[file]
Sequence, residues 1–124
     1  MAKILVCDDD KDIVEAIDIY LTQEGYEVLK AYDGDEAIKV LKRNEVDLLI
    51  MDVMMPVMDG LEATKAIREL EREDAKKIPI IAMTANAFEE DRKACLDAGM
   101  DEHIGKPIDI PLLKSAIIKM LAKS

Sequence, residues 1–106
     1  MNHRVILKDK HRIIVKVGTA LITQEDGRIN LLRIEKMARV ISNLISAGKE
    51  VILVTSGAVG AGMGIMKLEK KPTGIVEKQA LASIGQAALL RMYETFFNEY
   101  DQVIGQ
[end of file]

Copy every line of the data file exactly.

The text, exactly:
Sequence, residues 1–124
     1  MAKILVCDDD KDIVEAIDIY LTQEGYEVLK AYDGDEAIKV LKRNEVDLLI
    51  MDVMMPVMDG LEATKAIREL EREDAKKIPI IAMTANAFEE DRKACLDAGM
   101  DEHIGKPIDI PLLKSAIIKM LAKS

Sequence, residues 1–106
     1  MNHRVILKDK HRIIVKVGTA LITQEDGRIN LLRIEKMARV ISNLISAGKE
    51  VILVTSGAVG AGMGIMKLEK KPTGIVEKQA LASIGQAALL RMYETFFNEY
   101  DQVIGQ